Professor Tabellini has done research in political economics and public choice, macroeconomics, and international economics. He has written several books and his articles have been published in all the leading international journals in economics.
He sits in the Board of Directors of CNHI and of CIR group
Former Member, Monetary Policy Committee, Bank of Englandread more
Ian McCafferty was a member of the Monetary Policy Committee at the Bank of England from September 2012 until August 2018. Prior to his appointment, he had been Chief Economic Adviser to the CBI since September 2001.
He joined the CBI from BP, where he was Head of Macroeconomics. Previously, he spent ten years in the City, as Chief International Economist for both Natwest Markets and Baring Securities. Earlier in his career, he had worked for the CBI as Head of Economic Trends, following spells at The Economist newspaper and the International Chamber of Commerce, in Paris.
He is currently a Visiting Professor at King’s College, London. He has previously been a member of the advisory boards to the UK Innovation Research Centre, run by the University of Cambridge and Imperial College, London, to the Centre for Business Research at the University of Cambridge, and to the International Economics Programme at the Royal Institute for International Affairs (Chatham House). He is a Fellow of the Society of Professional Economists.
Ian McCafferty graduated from the University of Durham, and did his postgraduate work, including the equivalent of an M.A., at the University of Amsterdam. He was awarded an honorary doctorate in Economics by Nottingham Trent University in 2012.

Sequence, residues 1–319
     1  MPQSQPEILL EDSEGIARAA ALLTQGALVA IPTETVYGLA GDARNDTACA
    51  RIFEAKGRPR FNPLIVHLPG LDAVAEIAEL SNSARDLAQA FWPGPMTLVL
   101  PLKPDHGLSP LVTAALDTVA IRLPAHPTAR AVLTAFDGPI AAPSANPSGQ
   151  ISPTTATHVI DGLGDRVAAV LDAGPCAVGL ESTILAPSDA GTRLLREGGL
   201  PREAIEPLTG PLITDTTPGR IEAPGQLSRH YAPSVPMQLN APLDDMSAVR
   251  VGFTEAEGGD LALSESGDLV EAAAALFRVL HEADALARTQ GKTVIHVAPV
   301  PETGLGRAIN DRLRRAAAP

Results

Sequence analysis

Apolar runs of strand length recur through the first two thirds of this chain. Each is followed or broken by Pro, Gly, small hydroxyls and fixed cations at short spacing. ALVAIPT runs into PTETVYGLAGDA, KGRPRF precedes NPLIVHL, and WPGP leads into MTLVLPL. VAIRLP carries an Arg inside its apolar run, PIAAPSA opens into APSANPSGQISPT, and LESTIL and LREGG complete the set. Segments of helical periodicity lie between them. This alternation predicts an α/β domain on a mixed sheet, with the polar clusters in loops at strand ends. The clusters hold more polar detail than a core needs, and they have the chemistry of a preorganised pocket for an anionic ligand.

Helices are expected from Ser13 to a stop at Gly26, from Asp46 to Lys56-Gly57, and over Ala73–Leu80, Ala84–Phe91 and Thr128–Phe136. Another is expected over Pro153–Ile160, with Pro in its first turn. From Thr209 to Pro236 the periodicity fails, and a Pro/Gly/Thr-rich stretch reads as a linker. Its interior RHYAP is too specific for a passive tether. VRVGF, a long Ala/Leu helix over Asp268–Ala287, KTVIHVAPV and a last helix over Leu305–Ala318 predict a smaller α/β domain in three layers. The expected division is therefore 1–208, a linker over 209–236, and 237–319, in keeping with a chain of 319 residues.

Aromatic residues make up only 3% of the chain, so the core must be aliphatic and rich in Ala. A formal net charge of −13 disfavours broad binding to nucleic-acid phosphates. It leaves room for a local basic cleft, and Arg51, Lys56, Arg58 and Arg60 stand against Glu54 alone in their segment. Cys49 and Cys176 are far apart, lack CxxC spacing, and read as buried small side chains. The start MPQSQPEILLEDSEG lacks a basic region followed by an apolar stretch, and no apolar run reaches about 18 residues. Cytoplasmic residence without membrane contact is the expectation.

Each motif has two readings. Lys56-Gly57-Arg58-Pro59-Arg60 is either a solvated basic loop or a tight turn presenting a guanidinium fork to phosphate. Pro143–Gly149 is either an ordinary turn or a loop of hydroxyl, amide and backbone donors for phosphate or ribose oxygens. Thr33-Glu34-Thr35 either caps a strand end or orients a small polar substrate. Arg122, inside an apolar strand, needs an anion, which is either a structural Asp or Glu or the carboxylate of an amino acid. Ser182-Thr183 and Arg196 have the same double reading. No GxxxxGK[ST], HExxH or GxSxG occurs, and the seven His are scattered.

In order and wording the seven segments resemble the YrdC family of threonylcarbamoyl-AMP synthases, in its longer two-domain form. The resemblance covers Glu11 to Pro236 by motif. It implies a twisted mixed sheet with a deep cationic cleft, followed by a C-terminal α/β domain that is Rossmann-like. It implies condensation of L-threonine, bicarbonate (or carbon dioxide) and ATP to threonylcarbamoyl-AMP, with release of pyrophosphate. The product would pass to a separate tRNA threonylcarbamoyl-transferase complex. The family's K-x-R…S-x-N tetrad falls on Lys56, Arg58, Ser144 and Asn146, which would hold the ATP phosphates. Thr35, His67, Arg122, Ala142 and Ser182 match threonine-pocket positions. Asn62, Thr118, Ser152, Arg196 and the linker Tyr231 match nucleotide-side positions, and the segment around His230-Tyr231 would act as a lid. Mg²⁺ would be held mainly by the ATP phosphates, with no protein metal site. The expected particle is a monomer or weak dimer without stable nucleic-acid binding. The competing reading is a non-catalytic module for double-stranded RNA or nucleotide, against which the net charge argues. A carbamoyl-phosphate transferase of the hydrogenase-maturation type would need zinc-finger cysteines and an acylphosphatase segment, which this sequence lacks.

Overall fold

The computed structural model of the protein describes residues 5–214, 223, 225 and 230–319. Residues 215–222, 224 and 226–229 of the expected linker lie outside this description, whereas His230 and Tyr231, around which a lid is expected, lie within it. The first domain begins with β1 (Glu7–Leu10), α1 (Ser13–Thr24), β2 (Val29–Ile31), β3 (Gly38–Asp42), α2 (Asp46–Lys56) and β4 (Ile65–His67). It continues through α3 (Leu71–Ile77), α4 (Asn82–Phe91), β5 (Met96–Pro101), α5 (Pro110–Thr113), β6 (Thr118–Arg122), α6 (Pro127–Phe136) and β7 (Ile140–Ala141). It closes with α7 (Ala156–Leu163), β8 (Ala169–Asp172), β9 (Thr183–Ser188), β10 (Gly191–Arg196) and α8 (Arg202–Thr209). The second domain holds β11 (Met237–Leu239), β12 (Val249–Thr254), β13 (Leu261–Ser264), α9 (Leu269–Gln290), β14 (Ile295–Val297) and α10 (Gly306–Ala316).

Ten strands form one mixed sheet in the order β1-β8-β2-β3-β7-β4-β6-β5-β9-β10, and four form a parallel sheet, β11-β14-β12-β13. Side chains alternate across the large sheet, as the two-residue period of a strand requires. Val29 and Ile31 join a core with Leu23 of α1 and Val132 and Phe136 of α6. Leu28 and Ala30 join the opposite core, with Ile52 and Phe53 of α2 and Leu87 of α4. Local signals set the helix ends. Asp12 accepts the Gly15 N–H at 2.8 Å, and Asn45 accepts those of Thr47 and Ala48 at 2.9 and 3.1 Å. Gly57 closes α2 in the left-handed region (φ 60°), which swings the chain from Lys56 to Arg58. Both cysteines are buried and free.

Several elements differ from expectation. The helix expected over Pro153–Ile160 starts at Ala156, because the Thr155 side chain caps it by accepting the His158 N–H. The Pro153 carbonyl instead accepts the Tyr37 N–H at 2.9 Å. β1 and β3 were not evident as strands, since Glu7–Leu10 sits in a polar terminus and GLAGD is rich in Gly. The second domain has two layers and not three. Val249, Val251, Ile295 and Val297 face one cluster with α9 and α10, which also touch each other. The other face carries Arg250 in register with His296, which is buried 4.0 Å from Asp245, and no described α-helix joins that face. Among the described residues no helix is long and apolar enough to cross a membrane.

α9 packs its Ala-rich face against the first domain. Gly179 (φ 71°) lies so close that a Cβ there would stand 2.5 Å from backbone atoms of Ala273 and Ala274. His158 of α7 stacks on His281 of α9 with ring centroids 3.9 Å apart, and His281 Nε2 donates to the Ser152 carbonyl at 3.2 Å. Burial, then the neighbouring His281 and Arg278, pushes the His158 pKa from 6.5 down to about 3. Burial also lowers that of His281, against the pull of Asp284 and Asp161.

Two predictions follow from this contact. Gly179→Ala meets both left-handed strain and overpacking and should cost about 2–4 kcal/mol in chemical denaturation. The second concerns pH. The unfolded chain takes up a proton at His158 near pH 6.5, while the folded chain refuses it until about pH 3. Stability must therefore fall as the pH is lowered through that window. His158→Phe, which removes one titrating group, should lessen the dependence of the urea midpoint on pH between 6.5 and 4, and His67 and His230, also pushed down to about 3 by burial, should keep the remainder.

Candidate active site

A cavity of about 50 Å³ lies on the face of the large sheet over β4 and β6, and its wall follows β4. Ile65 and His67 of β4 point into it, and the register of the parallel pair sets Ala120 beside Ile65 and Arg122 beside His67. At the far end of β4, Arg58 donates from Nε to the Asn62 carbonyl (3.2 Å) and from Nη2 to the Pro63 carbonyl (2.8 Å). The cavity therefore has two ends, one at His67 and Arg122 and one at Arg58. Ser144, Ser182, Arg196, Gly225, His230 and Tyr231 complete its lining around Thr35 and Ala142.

Professor Markus K. Brunnermeier
Edwards S. Sanford Professor of Economics and Director of the Bendheim Center for Finance, Princeton Universityread more
Markus K. Brunnermeier is the Edwards S. Sanford Professor at Princeton University. He is a faculty member of the Department of Economics and director of Princeton's Bendheim Center for Finance. He is also a research associate at NBER, CEPR, and CESifo and a member of the Bellagio Group on the International Economy. He is a Sloan Research Fellow, Fellow of the Econometric Society, Guggenheim Fellow and the recipient of the Bernácer Prize granted for outstanding contributions in the fields of macroeconomics and finance. He is/was a member of several advisory groups, including to the IMF, the Federal Reserve of New York, the European Systemic Risk Board, the Bundesbank and the U.S. Congressional Budget Office. Brunnermeier was awarded his Ph.D. by the London School of Economics (LSE).
His research focuses on international financial markets and the macroeconomy with special emphasis on bubbles, liquidity, financial and monetary price stability. To explore these topics, his models incorporate frictions as well as behavioural elements. He has been awarded several best paper prizes and served on the editorial boards of several leading economics and finance journals. He has tried to establish the concepts: liquidity spirals, CoVaR as co-risk measure, the Volatility Paradox, Paradox of Prudence, ESBies, financial dominance and the redistributive monetary policy. His recent book is titled "The Euro and the Battle of Ideas".
Senior Fellow - Foreign Policy, Center for 21st Century Security and Intelligence, Center for Middle East Policy and Director of The Intelligence Project, Brookings Instituteread more